Ecotourism isn’t a new concept. In fact, it has comfortably occupied a space in the Oxford English Dictionary since 1982. Yet it seems that it is only in the past ten years or so that it’s made its way to the tip of every traveller’s tongue. An antidote to the rash of resorts that have spread along previously undisturbed coastlines around the world, eco travel advocates for a more mindful approach to our favourite pastime – holidaying. Swapping long layovers for restful train journeys and high-rise hotels for secluded locally owned lodges, ecotourism champions the idea of stepping off the beaten path and treading lightly onto unexplored new ones. While these initiatives start with us, it is continued through the work of governments, organisations and partnerships. So, in celebration of Earth Day 2022 and its very apt theme, Invest In Our Planet, we’ve decided it is the perfect opportunity to take a deep dive into the world’s best eco travel champions…
Trust the Swedes to know a thing or two about sustainability. With their own ecotourism charter and label - which ensures all tours, their operators and the nation’s food comes sealed with a chef’s kiss of sustainability – Sweden tops pretty much every eco travel list. A glass half full kind of nation, it is no surprise that its second-largest city, Gothenburg, has been voted the world’s most sustainable destination for the past four years by the Global Destination Sustainability Index. With almost 65% of the city’s transport running on renewable energy, you can rest easy knowing that the airport shuttle and your hotel – if you choose to stay at Gothia Towers – are fuelled entirely by renewable energy and wind power. The real clincher however is allemansrätt. Meaning the ‘freedom to roam’, it decrees that all people have the right to walk, cycle, ride, ski, camp and pick berries anywhere in the country. Talk about a sustainability smorgasbord…
When it comes to eco travel, there is just no stopping Costa Rica. Even during the middle of the 2020 lockdown, the country announced its 30th national park – which, when you consider the size of the country (just 19,730 sq. miles), is a pretty impressive feat. Devoting 26% of its terrain to wildlife preserves and protected land, including the mind boggling Monteverde Cloud Forest Reserve (which boasts six different ecological zones), Costa Rica is the original ecotourism aficionado. From its Sustainable Tourism Certification (which spearheaded the international trend), renowned eco lodge collection and emphasis on unfiltered eco-activities (think guided hikes through rainforests and whale watching excursions where humpbacks and their migration patterns are the stars of the show), it’s clear that Costa Rica has no plans to lose its 6% of the world’s biodiversity.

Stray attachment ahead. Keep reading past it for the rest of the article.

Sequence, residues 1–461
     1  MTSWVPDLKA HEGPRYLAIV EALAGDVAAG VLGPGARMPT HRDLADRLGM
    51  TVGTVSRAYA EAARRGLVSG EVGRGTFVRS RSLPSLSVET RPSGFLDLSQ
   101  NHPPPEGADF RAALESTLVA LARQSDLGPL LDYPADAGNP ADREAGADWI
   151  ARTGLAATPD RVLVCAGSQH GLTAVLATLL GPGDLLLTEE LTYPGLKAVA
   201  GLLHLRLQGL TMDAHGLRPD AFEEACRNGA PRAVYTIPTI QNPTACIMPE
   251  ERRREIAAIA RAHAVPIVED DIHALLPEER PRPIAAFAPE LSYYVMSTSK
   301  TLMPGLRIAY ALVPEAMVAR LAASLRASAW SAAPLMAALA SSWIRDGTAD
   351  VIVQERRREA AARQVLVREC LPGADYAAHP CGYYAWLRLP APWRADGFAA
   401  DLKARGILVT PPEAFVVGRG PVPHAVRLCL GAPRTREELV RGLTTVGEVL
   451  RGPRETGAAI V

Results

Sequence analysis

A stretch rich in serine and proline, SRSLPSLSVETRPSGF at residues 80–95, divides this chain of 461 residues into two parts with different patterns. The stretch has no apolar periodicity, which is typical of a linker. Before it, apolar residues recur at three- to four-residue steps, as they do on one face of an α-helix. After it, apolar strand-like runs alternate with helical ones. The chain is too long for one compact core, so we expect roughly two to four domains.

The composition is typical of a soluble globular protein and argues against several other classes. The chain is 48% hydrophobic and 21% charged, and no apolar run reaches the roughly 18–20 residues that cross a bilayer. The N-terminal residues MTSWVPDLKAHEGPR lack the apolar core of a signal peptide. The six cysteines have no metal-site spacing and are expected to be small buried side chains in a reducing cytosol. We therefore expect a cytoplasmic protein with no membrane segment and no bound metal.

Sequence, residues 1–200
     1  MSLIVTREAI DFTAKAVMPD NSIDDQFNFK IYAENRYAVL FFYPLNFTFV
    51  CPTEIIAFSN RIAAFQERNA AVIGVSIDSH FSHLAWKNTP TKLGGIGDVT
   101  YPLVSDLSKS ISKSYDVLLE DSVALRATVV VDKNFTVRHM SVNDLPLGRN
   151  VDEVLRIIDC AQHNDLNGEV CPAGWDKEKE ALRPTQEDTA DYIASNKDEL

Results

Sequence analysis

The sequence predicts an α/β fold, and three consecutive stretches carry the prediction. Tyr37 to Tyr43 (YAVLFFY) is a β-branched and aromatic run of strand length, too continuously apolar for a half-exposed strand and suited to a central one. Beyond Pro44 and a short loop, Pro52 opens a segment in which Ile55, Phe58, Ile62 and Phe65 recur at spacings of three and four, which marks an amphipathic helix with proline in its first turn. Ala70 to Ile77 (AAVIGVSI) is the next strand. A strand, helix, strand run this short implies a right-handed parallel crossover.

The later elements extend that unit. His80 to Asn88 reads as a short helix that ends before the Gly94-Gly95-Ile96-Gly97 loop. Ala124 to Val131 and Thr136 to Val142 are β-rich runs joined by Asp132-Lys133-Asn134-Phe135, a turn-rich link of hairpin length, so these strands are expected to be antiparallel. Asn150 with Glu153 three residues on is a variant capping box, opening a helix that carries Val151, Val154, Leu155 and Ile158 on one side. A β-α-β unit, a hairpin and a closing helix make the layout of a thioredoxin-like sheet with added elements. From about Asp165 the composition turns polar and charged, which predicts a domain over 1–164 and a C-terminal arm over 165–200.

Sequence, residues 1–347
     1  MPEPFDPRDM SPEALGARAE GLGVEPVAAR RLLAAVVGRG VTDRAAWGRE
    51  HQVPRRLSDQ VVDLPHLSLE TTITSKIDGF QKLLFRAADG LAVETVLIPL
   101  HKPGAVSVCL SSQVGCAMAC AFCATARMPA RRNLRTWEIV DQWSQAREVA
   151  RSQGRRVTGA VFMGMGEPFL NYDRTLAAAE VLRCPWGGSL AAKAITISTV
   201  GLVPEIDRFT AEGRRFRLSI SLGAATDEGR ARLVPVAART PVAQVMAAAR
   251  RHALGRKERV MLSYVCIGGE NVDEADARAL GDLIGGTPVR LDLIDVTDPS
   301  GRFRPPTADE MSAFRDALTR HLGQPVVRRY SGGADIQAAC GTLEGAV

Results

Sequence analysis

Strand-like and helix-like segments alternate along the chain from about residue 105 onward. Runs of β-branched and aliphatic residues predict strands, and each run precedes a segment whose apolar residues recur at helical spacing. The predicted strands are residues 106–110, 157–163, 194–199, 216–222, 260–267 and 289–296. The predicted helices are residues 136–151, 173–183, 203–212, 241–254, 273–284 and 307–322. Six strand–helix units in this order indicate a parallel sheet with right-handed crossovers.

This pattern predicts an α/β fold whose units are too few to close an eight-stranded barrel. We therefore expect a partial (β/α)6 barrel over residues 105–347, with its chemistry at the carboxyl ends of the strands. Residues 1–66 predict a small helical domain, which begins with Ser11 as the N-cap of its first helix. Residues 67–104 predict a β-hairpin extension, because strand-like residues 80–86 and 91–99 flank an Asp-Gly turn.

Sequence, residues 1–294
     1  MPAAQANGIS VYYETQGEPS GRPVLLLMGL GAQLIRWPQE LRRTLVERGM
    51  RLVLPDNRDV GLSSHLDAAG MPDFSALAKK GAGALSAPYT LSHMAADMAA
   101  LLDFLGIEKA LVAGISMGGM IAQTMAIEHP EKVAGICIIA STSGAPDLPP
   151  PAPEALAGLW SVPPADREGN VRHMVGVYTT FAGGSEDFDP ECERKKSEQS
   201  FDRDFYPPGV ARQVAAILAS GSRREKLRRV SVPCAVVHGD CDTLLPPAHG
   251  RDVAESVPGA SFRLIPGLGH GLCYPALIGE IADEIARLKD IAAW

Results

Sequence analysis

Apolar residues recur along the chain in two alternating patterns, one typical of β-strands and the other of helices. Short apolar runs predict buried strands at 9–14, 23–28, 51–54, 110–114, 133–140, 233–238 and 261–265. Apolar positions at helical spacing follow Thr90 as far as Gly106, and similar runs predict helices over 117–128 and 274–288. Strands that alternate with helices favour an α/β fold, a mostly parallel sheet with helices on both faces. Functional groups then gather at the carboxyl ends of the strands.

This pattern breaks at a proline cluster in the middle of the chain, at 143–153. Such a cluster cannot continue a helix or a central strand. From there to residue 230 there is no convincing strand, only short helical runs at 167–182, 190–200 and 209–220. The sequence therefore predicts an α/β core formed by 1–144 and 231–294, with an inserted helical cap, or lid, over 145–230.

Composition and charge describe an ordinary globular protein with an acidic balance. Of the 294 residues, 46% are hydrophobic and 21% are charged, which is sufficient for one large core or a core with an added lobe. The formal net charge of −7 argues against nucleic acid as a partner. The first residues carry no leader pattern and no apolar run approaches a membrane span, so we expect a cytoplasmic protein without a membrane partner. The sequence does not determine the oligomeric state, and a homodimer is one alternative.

In Palau, an archipelago of over 500 islands in the western Pacific Ocean, eco travel has taken like a duck to water – glinting gin-clear water that is. Despite having a population of just 18,000, Palau has proven itself to be more than mighty. The first nation to change its immigration laws for the eco cause, it decrees that all tourists sign a passport pledge to ‘tread lightly, act kindly and explore mindfully’ for the sake of future generations. And while you probably don’t need any more encouragement to book a one-way ticket to these idyllic islands – did we mention it’s known as ‘The Underwater Serengeti’ – you’ll be pleased as punch to know that it was also the creator of the world’s first national shark sanctuary (ending all commercial shark fishing in its waters), and the first to ban bottom trawling. If that’s not an eco-champion, we don’t know what is.
Earth Day serves as an annual reminder to take stock of our surroundings, challenge our thinking and create sustainable environmental change. In Panauti, no such day is needed to inspire eco action. Just 20 miles from Nepal’s capital Kathmandu, this unassuming town has become a shining example of community-based tourism. A homestay hotspot since 2013 – thanks to just two local women who spearheaded the town’s hospitality campaign – it has become an olive branch for more than 20 more Nepalese women. Encouraging them to step out of their kitchens to welcome in passing travellers, it has proven an invaluable project to educate the town’s future community leaders and relieve Kathmandu of its overtourism. Plus, where else are you going to gain more meaningful and textured insight into local Newari culture than on a hand-loomed blanket-strewn sofa (complete with a steaming hot bowl of Dal Bhat) in a traditional Nepalese home?
Green may not be the national colour of Slovenia, but whichever way you turn, whether it be towards the soaring peaks of the Julian Alps or the emerald-green lake of Bled and Triglav National Park, you’ll see it. With almost 60% of the pint-sized country covered in bottle-green forest, it’s not surprising that eco travel and tourism have called shotgun in Slovenia for almost a decade. Placing communities over consumerism, and quality over quantity, it has found itself winner of the ‘Best of Europe’ award at the 2020 Sustainable Destination Awards as well as the fifth destination in Lonely Planet’s 2022 Best Country list. But what makes it a worthy eco-champion you ask? Its green scheme. Like Costa Rica, Slovenia has employed a stamp of approval to everything that fits its green criteria, from destinations and restaurants, to accommodation and beaches. It has also, in a bid to reduce the amount of foreign feet on its holy ground, recently rolled out a ‘Bike Slovenia Green Route’. Starting high in the Julian Alps before hurtling down past lakes and wine regions, all the way to the Adriatic Coast, it does beg the question on this Earth Day: who needs a road trip when you’ve got a ride trip?